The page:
Volumes have already been written about the protests in Oakland that exploded after the Zimmerman verdict on Saturday, July 13. I won’t delve deeply into some of the so-called “controversies”, because they are political constructs created by city officials and OPD. Trying to camouflage their own complicity in maintaining the system of police and systemic violence that engender rage among Oakland’s Black and non-White people, these same institutions claim that Zimmerman verdict protest actions are the manufactured product of “outsider agitators”.
No one who was at the demonstrations on Saturday, Sunday, Monday, Tuesday or Friday could possibly believe that a majority of the “agitators” were not from Oakland. This is indeed why the establishment-friendly media almost completely avoided interviewing those who’d been at the rallies and marches, because protesters would have recounted seeing various disparate groups engaged in all kinds of actions that varied from marching without a permit, blocking traffic, drumming, chanting, speaking out, breaking windows, grafing walls, and joyously stomping a BART police car.
These groups varied in both ideology and race, but none was completely White or Black or Latino or Asian. Some seem to have come prepared for some level of vandalism, for others it was spontaneous; some came with masks, some didn’t wear masks, others decided half way through that it would be a good idea to wear masks and repurposed shirts and other items for the task.
After this brief intro, I’m not going to return to this issue, because I find the confines of the discussion inherently racist, and although the racism exudes most from the city and official sources, there is a good amount of it coming from left quarters as well.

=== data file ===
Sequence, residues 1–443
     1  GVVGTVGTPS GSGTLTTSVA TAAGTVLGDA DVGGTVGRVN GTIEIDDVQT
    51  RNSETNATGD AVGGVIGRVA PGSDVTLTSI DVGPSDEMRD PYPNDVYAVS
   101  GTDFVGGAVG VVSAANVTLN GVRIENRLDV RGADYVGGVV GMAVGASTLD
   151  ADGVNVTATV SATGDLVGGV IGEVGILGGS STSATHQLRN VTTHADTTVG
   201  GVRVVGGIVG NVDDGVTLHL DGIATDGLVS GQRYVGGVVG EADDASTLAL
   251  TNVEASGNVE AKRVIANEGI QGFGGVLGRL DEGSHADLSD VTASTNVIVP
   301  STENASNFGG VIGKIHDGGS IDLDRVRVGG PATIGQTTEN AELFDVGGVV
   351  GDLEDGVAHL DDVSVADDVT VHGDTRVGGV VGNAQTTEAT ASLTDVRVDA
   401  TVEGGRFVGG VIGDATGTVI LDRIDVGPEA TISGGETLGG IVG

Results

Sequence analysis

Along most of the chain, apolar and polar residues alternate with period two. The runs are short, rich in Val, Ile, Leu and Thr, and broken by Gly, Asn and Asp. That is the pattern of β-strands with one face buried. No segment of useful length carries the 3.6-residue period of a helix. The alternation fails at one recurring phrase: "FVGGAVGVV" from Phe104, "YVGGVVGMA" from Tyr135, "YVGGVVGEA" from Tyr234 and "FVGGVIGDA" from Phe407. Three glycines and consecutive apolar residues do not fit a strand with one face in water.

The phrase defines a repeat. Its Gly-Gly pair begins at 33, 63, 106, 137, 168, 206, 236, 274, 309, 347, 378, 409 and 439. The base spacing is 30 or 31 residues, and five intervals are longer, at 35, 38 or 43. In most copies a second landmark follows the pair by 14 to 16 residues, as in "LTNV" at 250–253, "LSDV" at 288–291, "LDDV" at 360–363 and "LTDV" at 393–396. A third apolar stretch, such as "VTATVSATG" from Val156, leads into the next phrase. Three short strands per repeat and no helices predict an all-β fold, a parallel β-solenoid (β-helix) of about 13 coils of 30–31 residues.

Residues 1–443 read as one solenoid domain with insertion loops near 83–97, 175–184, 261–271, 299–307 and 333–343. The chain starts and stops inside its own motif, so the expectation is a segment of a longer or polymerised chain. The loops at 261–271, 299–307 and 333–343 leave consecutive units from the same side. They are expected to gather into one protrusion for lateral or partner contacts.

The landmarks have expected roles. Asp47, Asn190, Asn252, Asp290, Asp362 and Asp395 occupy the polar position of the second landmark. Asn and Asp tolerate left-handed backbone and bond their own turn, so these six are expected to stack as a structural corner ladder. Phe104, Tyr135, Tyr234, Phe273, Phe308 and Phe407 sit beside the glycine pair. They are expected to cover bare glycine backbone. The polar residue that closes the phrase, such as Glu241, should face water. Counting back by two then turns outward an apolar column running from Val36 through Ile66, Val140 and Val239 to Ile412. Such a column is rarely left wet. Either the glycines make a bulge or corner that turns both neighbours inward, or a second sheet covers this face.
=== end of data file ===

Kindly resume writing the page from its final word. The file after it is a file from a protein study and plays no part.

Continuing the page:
I can say that some of the first people that vandalized on Saturday night came seemingly prepared to do so with hammers et. al., and they were not white. And that latter groups that did so had not prepared and were also not White. The shocking secret here is that neither Black nor White people conform to the city’s politically expedient rubric: “outsiders” as White/Smashy privileged dilettantes; and “legitimate” protesters as Black/Milquetoasts who need a signed permit to cross an intersection. The “outsider” vs. “legitimate” dichotomy is manifestly stupid and repeatedly revealed to be baseless, and not much more needs to be said about it than that.
What I wanted to do, instead, was capture some ephemeral moments that I witnessed and/or experienced that speak to potentialities of popular power. These experiences, I feel, demonstrate how political activation depends to a large degree on unrestricted and open-ended marches, rallies, public space occupations, etc.
The chaos that institutional activists like Kazu Haga decried at the beginning of the actions last week are exactly what actual popular representation looks like—people who were marginally politicized or not politically active at all, taking to the street and finding their political footing.